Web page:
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Reflections on the Promise of Mixed-Methods Research in Education

by Carola Suárez-Orozco - 2019

This commentary is part of "Mixed Methods for Studies That Address Broad and Enduring Issues in Education Research," edited by Lois Weis, Margaret Eisenhart, and Greg J. Duncan.

As the authors of this important contribution clearly articulate, there is little doubt that the complex and enduring educational dilemmas of our time require the promise that mixed-methods approaches offer. The reasons to deploy mixed methods are quite obvious—especially if we are to understand why what we are trying to accomplish matters for whom (Hay, 2016; Mertens, 2015). In this commentary, I offer some thoughts based on a quarter century of mixing methods.


The authors articulate that mixed-methods work is important if we are to address “an increasingly diverse and unequal society.” Mertens advocates that transformative mixed-methods approaches allow for the development of trusting ethical relationships, and the joint, iterative exploration of issues that are meaningful to the community (Mertens, 2012). I would further suggest that, given the growing demographic diversity of our student population, it is deeply problematic from the social science point of view not to engage in mixed-methods research. Here is why.

Today, more than a quarter of our children, in most postindustrial nations, have an immigrant parent; thus, these students are growing up in culturally and linguistically diverse families. The classic instruments and assessment strategies, developed for mainstream and English-dominant students, often miss the experiences of these students and their parents because these approaches were developed through an entirely different lens (American Psychological Association [APA], 2012). Further, assessment items developed with mainstream or language-dominant norm groups can (and often do) lead to distorted interpretations that lead to miscategorizations and underrecognition of skills (APA, 2012). To ethically conduct linguistically and culturally relevant and competent assessment and research with students from these backgrounds, we must engage in an iterative practice of either adapting old tools or developing new ones that capture these students’ repertoires of lived reality and skills. This requires sequencing mixed methods, including a qualitative phase of engaging learning around cultural understandings and practices before moving to quantitative adaptations (or development) of assessments that include both student and parent points of view. Failing to do so can lead to a form of institutionalized racism (Jones, 2000).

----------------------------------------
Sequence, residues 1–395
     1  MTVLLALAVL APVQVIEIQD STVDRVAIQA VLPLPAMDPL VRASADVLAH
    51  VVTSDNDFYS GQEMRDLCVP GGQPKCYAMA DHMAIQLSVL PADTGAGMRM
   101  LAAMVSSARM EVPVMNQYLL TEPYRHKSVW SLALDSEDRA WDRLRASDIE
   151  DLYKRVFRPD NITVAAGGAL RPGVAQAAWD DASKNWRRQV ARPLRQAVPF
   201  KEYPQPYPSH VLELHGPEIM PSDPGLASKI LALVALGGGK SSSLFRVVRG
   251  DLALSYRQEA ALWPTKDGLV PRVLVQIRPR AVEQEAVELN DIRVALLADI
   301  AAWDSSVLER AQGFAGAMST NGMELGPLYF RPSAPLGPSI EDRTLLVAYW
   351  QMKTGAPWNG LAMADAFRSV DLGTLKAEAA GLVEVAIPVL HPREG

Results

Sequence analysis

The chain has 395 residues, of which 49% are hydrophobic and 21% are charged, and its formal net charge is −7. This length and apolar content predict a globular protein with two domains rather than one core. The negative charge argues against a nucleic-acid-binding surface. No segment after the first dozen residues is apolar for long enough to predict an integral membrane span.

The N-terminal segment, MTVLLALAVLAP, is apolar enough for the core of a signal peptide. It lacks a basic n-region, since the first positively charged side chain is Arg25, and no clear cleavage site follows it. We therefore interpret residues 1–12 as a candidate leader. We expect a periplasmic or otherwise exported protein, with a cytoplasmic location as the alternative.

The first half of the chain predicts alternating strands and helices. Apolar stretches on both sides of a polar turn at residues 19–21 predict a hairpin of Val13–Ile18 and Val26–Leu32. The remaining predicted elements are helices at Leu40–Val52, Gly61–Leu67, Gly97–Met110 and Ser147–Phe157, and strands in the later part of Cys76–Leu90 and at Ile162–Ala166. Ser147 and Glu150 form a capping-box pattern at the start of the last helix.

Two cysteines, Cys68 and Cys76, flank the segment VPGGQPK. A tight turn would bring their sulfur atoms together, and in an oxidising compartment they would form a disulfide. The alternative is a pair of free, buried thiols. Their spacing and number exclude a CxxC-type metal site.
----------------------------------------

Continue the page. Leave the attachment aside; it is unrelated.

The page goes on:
A current challenge in the field is that few of us (old or new scholars) have been systematically trained to be mixed-methods researchers. Most of us are thoroughly socialized into theoretical epistemologies of one discipline to use a set of methodological tools. While we may learn the language of a new field, like most “second-language” speakers, we are likely to speak with an accent (sometimes a heavy one) and will tend to favor our dominant disciplinary language. To work optimally in mixed-methods research, we should plan on working in collaborative teams that engage experts with a variety of skills—across disciplines and across populations and/or topic areas.

For optimal work to be done, each team member must, at a minimum, have “receptive” knowledge of other research team methodological languages in order to follow the train of research conversation. We mixed-methods researchers need to continuously push ourselves to improve our methodological skills and to participate in active code-switching “conversations” in which no tedious interruptions are necessary to maintain the flow of conversation and creative riffing of ideas. Further, there must be a clear understanding of where the limits of our knowledge begin and end. When is it time to bring in an expert in what domain? What needs “back-translation” for accuracy? When is an entirely new language (or dialect/expertise/instrument) required in the planning or analysis stages? And, importantly for dissemination, subject/method experts “with no accent” must write select sections to pass reviewers’ critical lenses. Last, someone who is quite “bilingual” must polish final products to ensure that language is not jarringly disconnected and speaks to all audiences.